Popular independent Gambian radio station Teranga FM was Sunday ordered to cease operations by national security agents for unspecified reasons, a security source and staff member said.
The station, which translates news from Gambian papers into local languages, has previously been silenced and in 2015 its manager was slapped with sedition and “publication of false news” charges for privately sharing a provocative photo of President Yahya Jammeh.
“Four National Intelligence Agency operatives and one police officer in uniform came to the radio station this afternoon (Sunday) around 2:30 pm and told us to stop broadcasting,” a staff member told AFP on condition of anonymity.
“They said they have been ordered by the director general of NIA, Yankuba Badjie, to tell us to stop broadcasting with immediate effect. We asked them the reason for their action, but they said they are only acting on executive orders and do not know the reason why the radio should stop broadcasting,” he added.
A security source said no one had been arrested but could not say why the radio station was ordered off the air.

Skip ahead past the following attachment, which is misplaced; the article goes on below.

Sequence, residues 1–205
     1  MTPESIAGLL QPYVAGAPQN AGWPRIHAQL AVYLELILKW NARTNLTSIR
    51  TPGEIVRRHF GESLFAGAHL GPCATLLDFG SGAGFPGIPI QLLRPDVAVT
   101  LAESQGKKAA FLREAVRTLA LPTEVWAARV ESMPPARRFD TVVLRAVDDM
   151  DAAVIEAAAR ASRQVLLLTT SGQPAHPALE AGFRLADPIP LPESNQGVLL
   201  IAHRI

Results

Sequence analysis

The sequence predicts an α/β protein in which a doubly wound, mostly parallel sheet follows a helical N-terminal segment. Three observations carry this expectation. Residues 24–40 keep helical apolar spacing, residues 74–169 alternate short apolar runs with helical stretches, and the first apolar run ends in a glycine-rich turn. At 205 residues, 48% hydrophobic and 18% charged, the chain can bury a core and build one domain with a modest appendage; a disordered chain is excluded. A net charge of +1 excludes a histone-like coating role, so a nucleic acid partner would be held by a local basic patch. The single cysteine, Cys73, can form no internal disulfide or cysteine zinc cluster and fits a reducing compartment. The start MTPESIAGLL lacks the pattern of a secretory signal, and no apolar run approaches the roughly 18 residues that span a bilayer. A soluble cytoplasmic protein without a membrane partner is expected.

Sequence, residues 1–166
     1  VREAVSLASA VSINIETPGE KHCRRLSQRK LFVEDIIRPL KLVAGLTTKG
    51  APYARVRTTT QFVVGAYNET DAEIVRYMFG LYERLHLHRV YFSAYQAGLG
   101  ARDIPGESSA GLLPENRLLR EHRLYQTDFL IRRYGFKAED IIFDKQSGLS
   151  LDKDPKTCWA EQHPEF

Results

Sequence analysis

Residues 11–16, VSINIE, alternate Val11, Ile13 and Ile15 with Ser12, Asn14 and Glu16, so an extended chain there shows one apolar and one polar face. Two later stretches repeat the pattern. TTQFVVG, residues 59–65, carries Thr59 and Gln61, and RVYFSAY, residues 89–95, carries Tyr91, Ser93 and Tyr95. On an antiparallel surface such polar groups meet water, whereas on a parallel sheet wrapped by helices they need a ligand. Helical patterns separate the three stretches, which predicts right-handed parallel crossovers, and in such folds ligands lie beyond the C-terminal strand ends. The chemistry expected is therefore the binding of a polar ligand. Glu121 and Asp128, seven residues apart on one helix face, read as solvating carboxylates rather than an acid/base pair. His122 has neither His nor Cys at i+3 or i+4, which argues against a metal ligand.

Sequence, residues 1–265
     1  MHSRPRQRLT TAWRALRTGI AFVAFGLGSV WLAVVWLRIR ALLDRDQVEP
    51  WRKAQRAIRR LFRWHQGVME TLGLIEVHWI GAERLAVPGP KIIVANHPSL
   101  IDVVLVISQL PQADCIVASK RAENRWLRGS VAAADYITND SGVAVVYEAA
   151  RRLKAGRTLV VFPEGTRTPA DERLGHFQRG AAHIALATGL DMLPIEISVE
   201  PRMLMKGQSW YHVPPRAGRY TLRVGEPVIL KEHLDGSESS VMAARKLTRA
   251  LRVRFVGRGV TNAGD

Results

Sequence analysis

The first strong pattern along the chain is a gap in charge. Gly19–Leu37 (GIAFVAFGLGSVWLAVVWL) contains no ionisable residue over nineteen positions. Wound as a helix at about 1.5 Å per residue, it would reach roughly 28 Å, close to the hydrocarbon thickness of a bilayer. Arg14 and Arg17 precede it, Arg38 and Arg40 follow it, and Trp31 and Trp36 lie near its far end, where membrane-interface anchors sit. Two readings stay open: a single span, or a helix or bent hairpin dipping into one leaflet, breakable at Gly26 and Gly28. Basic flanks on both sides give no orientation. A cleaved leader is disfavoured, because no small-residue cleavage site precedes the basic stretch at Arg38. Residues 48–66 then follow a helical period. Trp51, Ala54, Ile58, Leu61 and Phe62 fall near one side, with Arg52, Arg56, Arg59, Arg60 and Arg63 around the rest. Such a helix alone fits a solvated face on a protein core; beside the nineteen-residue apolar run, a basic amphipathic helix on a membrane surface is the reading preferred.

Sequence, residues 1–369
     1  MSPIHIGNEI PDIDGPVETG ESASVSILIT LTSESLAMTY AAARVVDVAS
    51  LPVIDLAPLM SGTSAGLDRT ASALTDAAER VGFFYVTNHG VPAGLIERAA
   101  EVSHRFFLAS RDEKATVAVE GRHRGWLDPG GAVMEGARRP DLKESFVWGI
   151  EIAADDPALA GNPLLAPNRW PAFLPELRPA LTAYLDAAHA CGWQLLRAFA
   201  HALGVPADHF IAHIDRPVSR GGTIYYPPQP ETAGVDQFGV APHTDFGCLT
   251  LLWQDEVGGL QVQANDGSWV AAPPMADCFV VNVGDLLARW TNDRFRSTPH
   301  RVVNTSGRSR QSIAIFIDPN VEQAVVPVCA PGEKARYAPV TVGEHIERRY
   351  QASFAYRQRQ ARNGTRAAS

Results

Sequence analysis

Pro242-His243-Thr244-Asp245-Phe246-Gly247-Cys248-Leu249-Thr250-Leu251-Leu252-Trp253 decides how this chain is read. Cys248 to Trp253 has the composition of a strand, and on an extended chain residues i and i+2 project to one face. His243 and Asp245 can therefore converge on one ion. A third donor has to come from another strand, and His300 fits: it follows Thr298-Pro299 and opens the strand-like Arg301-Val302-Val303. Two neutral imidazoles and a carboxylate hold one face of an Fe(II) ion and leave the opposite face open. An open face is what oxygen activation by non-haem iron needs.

“We only asked them to stop broadcasting and they cooperated with us. They have stopped broadcasting since in the afternoon,” the source told AFP.
The radio station was not broadcasting Sunday evening, according to an AFP correspondent.
Station manager Alagie Ceesay was arrested by the country’s secret police in July 2015 on charges of sedition and “publication of false news” relating to allegations that he distributed images by mobile phone of a gun pointed at a picture of Jammeh.
Ceesay escaped from hospital where he was being treated in mid-April last year while on trial for sedition.
Jammeh, who has ruled the small west African country with an iron fist since taking power in a bloodless coup in 1994, lost December’s presidential election but has rejected the results and filed a court challenge.
He is regularly accused of rights abuses and repression of the media.
The Gambia ranked 145 out of 180 countries in Reporters Without Borders’ 2016 World Press Freedom Index, pointing to “a climate of terror around anything remotely to do with journalism”.